The LGBTQ community faces violence every day. Trans people, immigrants, and people of color often face pervasive violence. The frequency and intensity of violence has increased in many communities, including the LGBTQ community, after the 2016 election of Mr. Trump to the Presidency. Violence against communities can be perpetuated by individuals or by intuitions.
This form of violence is carried out between people – both individuals and groups of people.
Hate crimes are often the first form of violence that people think of when they think of violence against the LGBTQ community. Hate crimes are a form of interpersonal violence. This type of violence is often attributed to personal or group homophobia or transphobia.
People who challenge heteronormative ideas about gender and sexual orientation are most at risk for this type of violence. Trans people, trans people of color, and gender non-conforming people are often most at risk for these types of attacks.
Domestic violence can take many forms from intimate partner violence to family violence. LGBTQ individuals and families are as susceptible to these forms of violence as the heterosexual community. It is imperative that domestic violence shelters and programs are just as capable of and willing to help in cases of domestic violence that involve LGBTQ people.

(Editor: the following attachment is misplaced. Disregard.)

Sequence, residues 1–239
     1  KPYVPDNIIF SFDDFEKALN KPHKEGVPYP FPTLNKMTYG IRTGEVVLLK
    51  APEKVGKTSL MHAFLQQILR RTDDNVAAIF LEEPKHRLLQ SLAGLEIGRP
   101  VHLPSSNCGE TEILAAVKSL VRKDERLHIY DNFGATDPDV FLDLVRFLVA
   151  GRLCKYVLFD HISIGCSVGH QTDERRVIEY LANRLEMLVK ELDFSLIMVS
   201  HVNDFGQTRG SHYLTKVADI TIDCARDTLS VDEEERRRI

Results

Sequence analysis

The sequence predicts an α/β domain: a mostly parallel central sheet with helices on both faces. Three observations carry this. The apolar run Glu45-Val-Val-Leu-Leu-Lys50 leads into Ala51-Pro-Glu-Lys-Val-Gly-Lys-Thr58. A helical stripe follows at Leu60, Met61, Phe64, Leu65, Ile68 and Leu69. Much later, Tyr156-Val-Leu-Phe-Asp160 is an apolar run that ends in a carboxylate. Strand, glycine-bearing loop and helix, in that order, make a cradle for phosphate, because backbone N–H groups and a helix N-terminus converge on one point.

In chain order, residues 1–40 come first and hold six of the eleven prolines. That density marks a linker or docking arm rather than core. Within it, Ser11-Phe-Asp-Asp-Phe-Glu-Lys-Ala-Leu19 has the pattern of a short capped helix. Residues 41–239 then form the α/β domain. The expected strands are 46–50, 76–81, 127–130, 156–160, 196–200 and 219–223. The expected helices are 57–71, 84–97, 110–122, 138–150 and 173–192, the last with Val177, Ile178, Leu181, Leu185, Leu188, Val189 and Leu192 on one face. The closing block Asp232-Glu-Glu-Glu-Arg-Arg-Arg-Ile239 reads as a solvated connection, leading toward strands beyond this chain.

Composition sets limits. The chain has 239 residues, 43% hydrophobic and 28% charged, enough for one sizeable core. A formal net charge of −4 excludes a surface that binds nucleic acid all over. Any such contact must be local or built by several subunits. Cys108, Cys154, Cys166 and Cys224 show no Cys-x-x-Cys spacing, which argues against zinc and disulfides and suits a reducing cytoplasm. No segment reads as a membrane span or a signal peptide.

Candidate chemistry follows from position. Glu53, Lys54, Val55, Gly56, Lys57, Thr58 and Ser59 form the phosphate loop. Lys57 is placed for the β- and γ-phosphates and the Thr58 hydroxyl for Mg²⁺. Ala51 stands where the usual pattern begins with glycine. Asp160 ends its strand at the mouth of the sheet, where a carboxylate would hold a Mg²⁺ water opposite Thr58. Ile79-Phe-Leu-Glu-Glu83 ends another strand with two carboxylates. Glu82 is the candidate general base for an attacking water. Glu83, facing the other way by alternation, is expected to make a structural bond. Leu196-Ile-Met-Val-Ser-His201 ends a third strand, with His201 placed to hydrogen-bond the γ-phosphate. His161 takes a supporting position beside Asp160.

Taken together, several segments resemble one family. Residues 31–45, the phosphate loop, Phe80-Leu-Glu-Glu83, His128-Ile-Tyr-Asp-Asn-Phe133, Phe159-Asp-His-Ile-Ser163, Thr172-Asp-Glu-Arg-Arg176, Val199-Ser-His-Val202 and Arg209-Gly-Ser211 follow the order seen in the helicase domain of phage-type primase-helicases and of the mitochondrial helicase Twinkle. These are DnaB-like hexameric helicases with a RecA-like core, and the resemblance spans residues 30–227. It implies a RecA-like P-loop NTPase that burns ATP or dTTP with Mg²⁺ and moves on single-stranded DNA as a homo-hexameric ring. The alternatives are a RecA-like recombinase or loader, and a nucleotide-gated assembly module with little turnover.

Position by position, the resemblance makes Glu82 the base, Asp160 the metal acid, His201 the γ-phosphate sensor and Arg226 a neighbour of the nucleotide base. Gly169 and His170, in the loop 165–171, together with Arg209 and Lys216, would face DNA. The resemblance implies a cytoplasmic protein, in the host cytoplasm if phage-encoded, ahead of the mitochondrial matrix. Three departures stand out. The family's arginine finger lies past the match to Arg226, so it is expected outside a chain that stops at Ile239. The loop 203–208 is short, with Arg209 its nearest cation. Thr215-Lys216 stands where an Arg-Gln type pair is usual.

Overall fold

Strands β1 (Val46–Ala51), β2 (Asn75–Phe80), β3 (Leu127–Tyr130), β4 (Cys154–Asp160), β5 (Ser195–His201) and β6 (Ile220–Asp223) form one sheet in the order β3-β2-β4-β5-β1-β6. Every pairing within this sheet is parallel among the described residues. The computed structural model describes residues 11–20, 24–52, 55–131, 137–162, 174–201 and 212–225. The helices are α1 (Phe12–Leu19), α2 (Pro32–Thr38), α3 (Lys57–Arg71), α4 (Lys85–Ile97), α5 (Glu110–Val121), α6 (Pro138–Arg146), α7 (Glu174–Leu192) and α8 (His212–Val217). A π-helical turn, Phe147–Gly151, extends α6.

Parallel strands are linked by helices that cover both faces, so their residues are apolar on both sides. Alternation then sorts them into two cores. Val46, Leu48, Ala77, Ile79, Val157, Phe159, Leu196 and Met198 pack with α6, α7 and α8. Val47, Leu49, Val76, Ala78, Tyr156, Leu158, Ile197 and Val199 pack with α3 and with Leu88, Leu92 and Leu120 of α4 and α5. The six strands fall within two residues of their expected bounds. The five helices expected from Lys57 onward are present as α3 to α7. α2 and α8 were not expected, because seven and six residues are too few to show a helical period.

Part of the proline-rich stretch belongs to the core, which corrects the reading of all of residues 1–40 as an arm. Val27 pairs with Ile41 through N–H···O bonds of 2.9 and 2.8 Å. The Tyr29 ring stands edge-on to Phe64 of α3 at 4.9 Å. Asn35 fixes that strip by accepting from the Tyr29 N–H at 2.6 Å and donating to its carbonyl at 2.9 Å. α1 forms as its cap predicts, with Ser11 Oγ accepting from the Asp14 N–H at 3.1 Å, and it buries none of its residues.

As with all domestic violence, people who are most vulnerable are often at risk for this form of violence. As such Trans people, people living in poverty, women, young people, and gender non-conforming people are at high risk for this type of violence.
Institutional and Systemic Violence
This form of violence is carried out by institutions in our society, often by those with authority.
There are many forms of state sanctioned violence. Police brutality is one of the most prevalent and forms of state sanctioned violence. This type of violence is pervasive for many POC communities, including the LGBTQ members of those communities. We must hold police and other law enforcement accountable for their actions in regard to our community. It is always a failure of duty when a police officer kills or harms someone. This form of violence is systemic and requires not just retraining of individuals, but also requires reimagining the role of police in our daily lives and in society.
Abuse by Immigration Officials
Immigration officers are frequently reported as abusing and brutalizing LGBTQ people in immigration detention facilities. LGBTQ immigrants are subjected to inhumane conditions while in the custody of U.S. Immigration and Customs Enforcement. It is not uncommon for these conditions to be so inhumane that immigrants die while in custody. This form of violence will not be solved by reform or training, it is necessary to dismantle the existing systems and reimagine what role a government agency should play in regard to immigration laws.